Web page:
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    I grew up on the east coast and was required to learn Gaelic in school, I was not particularly good at it and neither were my classmates. Many people had rudimentary skills in the language and I knew people who spoke it fluently, a few that considered it their first language. Commented Jan 27, 2017 at 13:13

2 Answers 2


There's an easy answer which is to check out the wikipedia page on the status of the Irish language. But the following is what I found with and outside the wikipedia article.

Linguistic maps of Ireland show only the areas in the extreme west of the Gaeltaecht as having native Irish speakers. From Quora. Yes, I realize that the nominal definition of 'the Gaeltaecht' is 'where people speak Irish all day', but that is vague and is changing but I take it to mean 'the far (including the extreme) west of Ireland where you're more likely to hear Irish in the streets. I know, still vague.

Decline of native Irish speakers

The proportion who say they can speak Irish (as first or second language not specified). Note that the color range may be misleading; the second darkest shade of green is 40-70%. Self reporting has many social biases involved (desire to say yes out of pride, tendency to say no out of disparagement, etc)

from wikipedia: Proportion of respondents who said they could speak Irish in the Republic of Ireland and Northern Ireland censuses of 2011.

There's a very similar map showing the percentage of those who do speak Irish (outside of the education system, presumably day to day). Unfortunately leaving out the counties of Northern Ireland.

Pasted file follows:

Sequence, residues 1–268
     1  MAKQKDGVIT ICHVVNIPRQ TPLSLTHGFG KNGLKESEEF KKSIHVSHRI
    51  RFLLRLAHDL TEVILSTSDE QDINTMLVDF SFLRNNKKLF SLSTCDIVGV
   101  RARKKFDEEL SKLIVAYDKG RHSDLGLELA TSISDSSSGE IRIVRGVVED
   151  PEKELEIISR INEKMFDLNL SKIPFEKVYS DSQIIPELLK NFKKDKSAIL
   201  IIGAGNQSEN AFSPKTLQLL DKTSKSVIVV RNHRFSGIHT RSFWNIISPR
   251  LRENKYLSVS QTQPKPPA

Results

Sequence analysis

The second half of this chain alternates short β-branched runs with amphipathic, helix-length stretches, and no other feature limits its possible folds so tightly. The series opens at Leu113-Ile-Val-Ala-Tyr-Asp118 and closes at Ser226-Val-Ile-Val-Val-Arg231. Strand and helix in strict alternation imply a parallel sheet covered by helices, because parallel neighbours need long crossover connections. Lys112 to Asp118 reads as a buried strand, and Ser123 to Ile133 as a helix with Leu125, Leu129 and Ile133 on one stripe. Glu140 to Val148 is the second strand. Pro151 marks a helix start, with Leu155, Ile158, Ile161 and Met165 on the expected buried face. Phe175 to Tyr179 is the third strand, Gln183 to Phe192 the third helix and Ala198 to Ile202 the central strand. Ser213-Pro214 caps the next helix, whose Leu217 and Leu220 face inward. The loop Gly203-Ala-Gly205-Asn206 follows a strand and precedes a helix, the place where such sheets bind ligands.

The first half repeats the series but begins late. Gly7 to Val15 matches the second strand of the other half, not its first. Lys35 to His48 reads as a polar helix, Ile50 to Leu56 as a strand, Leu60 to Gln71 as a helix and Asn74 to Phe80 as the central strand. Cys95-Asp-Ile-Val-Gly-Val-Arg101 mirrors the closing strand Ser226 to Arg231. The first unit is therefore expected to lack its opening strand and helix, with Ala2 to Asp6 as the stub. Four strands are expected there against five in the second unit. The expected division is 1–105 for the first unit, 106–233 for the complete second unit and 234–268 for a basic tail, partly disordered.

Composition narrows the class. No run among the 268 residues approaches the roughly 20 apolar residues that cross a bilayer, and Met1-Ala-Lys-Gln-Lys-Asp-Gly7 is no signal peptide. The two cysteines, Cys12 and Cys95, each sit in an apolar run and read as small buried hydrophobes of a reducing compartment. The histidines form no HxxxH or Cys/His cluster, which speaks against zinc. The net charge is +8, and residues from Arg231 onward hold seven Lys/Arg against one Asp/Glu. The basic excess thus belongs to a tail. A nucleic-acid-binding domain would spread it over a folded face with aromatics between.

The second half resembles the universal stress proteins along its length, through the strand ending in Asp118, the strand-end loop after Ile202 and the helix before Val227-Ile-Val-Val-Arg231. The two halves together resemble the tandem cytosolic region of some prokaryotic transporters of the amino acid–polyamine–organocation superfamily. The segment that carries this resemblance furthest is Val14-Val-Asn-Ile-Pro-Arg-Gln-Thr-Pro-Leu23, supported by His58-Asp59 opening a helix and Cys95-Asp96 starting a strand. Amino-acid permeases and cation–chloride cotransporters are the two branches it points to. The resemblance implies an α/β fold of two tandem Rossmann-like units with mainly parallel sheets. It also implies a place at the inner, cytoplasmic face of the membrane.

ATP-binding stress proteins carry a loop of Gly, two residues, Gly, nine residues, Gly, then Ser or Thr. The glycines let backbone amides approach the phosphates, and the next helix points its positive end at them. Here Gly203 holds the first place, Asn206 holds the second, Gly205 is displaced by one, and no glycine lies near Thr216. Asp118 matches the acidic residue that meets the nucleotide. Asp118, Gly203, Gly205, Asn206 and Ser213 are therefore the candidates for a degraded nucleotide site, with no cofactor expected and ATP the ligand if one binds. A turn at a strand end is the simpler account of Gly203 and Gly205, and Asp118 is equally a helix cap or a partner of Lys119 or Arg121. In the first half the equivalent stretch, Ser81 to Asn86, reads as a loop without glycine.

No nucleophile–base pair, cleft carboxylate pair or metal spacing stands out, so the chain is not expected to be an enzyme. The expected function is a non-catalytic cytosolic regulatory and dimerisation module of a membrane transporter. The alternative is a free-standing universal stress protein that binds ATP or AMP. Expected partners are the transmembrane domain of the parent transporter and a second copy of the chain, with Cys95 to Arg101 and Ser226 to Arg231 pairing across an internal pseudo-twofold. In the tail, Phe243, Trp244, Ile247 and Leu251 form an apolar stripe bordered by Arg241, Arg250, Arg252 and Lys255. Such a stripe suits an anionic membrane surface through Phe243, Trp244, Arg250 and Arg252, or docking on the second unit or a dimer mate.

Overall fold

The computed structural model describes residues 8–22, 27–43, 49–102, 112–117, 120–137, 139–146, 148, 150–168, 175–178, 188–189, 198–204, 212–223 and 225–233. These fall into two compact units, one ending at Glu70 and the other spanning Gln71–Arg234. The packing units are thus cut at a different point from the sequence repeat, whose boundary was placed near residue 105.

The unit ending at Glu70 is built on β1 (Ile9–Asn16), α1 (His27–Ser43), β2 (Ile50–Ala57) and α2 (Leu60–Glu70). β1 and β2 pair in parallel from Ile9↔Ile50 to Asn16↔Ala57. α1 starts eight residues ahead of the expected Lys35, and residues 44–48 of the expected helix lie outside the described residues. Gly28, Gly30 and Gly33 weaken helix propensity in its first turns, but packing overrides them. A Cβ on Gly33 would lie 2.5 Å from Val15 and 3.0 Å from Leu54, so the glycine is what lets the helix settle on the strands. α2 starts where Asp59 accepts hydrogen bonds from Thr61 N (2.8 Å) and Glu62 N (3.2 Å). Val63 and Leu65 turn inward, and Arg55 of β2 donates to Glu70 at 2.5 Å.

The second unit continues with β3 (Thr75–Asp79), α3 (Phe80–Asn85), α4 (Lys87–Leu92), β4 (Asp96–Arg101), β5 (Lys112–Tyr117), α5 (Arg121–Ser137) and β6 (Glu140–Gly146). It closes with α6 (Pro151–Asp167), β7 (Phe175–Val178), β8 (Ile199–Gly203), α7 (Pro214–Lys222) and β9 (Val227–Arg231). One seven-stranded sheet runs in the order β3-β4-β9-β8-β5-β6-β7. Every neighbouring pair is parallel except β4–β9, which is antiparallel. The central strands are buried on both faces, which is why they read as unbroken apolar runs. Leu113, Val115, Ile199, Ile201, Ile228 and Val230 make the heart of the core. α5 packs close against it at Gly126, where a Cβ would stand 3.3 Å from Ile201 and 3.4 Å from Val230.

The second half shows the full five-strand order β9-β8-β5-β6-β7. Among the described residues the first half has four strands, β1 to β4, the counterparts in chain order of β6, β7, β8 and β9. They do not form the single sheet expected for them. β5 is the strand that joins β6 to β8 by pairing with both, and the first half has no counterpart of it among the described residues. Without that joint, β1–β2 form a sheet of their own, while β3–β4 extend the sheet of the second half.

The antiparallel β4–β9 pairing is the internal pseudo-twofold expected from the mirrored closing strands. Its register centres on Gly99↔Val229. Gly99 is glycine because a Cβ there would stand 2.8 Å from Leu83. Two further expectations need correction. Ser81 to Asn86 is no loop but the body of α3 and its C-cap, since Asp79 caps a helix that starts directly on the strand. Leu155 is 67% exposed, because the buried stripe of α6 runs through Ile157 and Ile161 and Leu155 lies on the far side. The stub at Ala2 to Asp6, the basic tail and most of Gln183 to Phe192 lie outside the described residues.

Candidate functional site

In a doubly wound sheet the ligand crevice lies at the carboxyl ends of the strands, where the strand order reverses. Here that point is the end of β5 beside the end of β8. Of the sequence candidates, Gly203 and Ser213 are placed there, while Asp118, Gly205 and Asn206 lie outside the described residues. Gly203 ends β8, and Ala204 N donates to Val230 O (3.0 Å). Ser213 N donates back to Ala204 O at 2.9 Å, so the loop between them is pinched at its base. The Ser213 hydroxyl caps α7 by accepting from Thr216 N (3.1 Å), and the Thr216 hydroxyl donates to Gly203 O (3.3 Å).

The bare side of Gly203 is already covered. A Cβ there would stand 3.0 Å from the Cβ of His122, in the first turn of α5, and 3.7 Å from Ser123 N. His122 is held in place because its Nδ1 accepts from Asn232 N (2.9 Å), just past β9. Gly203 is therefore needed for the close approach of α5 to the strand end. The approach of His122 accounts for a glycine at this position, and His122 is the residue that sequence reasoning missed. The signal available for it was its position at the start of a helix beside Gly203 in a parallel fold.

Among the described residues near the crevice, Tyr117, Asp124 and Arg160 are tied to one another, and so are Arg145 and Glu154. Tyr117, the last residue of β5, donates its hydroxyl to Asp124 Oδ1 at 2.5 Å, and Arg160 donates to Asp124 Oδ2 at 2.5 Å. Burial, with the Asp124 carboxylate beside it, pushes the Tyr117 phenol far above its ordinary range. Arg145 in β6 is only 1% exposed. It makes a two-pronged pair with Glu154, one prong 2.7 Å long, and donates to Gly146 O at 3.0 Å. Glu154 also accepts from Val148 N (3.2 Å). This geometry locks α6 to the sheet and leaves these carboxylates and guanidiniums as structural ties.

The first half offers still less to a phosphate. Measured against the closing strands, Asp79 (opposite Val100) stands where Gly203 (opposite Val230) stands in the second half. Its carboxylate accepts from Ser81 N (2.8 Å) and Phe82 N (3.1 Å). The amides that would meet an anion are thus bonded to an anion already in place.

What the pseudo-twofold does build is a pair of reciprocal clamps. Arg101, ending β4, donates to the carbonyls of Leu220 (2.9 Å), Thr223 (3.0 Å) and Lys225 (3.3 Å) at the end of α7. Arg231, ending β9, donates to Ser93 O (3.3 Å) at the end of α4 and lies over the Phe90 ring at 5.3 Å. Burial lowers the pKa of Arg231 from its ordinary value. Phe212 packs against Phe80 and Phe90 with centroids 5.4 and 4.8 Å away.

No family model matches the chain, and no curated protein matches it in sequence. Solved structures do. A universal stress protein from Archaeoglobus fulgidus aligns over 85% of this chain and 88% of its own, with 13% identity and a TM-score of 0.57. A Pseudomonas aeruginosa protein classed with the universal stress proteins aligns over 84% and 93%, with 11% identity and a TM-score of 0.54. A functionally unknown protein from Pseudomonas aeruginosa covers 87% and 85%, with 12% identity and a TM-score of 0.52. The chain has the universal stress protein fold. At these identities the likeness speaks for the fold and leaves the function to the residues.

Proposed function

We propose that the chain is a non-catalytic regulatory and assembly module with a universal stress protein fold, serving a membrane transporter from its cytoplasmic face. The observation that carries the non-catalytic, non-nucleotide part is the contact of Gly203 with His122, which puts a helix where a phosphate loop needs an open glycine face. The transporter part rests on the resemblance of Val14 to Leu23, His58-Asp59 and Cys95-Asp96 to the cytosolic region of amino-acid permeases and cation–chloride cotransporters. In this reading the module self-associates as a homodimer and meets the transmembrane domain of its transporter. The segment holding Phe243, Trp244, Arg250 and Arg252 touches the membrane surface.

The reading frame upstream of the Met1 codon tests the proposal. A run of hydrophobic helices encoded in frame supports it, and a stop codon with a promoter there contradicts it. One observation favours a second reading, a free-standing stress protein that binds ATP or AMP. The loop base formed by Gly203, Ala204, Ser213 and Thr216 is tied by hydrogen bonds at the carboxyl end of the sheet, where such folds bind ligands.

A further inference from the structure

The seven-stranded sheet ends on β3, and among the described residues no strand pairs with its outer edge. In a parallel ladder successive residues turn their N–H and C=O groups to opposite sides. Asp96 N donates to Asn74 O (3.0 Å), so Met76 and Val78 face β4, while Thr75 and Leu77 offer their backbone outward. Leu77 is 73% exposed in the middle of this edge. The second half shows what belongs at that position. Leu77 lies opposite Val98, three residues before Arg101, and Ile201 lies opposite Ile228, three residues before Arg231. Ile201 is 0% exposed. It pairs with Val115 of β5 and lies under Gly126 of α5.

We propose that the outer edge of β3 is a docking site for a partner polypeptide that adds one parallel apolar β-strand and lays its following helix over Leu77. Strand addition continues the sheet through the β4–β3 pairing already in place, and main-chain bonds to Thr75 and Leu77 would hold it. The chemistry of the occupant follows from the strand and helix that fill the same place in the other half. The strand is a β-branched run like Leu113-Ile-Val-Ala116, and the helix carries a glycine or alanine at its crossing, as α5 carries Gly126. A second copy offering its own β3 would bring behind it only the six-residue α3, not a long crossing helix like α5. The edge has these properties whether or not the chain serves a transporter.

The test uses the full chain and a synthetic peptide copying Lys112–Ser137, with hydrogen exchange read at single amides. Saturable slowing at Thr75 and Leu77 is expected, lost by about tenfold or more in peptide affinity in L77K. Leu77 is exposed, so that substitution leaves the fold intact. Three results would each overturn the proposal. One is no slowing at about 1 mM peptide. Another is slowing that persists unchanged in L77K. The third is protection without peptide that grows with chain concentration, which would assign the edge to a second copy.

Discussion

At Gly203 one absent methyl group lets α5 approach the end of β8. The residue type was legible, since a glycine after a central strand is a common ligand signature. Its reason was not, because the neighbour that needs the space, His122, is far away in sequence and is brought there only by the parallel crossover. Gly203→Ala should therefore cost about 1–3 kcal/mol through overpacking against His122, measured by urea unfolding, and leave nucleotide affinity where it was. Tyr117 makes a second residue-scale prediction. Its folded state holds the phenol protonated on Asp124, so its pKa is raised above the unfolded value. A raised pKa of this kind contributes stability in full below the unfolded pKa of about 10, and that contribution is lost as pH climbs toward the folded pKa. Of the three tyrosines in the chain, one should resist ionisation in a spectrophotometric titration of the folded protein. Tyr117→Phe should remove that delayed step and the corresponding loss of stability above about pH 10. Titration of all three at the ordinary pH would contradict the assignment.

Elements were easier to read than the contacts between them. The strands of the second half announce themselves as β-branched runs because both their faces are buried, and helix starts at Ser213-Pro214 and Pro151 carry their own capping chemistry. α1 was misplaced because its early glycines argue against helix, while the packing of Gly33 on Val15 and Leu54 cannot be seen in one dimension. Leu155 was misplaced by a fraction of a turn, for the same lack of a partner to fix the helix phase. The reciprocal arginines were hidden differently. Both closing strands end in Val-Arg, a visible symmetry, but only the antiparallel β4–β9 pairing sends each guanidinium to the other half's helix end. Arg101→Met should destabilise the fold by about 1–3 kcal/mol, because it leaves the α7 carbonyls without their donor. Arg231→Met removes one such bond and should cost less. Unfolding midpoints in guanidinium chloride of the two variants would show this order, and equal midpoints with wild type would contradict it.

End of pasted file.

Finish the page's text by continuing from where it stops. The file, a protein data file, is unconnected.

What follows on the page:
from wikipedia: The percentage of respondents who said they spoke Irish daily outside the education system in the 2011 census in the Republic of Ireland.

With respect to consuming mass media, there is the national Irish language radio station RTE. I could not find its listenership numbers

The national Irish language TV is TG4:

In 2015 TG4 reported that overall it has an average share of 2% (650,000 daily viewers) of the national television market in the Republic of Ireland.

I could not find the viewership numbers for the other stations to compare.

My understanding of all this data (and commentary around it) is that native (family learned) Irish speaking is near or at least heading to extinction in the Gaeltaecht and rural areas, but that the language policies (secondary schooling) has been very successful in reviving and keeping fluency alive in the more educated bigger cities. In Ireland. Because of political issues and much less secondary education, Irish in Northern Ireland will be limited to an academic subject (similar to Provencal in southern France).

There is still the practical motivation of all this. How likely is it that someone from Mars who learns Irish from books and tapes will run into someone on the street in Ireland with whom they can converse fluently in Irish? Ballparking it, I'd say 100% in the extreme west, but dropping off to 20% until you get to a big city (Dublin, Limerick, Cork), where it'll go back up to 50%. My reasoning? TG4 seems to have no problem finding fluent Irish speakers at random to interview at car accidents.


I am not certain what the question is, but if it helps, most Irish people start learning the language from the age of 4 or 5 so everyone is familiar with basic phrases, even though few of us speak it fluently. When we watch TG4 there are usually subtitles in English on the Irish-language programmes. Many English-speakers will choose to educate their children in Irish-language schools around the country so it is not necessarily true to say the West is the only place Irish is spoken. There are also Gaeltacht areas in counties such as Waterford.